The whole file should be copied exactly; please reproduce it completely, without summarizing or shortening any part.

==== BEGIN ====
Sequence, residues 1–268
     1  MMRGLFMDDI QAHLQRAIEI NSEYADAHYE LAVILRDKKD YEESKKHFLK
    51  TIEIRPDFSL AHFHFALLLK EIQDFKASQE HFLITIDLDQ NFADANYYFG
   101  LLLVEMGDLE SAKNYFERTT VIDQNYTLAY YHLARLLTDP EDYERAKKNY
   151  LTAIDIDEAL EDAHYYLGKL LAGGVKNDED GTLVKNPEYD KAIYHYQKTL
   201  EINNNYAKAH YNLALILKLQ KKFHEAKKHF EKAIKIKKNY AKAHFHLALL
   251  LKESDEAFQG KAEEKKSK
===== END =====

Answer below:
Sequence, residues 1–268
     1  MMRGLFMDDI QAHLQRAIEI NSEYADAHYE LAVILRDKKD YEESKKHFLK
    51  TIEIRPDFSL AHFHFALLLK EIQDFKASQE HFLITIDLDQ NFADANYYFG
   101  LLLVEMGDLE SAKNYFERTT VIDQNYTLAY YHLARLLTDP EDYERAKKNY
   151  LTAIDIDEAL EDAHYYLGKL LAGGVKNDED GTLVKNPEYD KAIYHYQKTL
   201  EINNNYAKAH YNLALILKLQ KKFHEAKKHF EKAIKIKKNY AKAHFHLALL
   251  LKESDEAFQG KAEEKKSK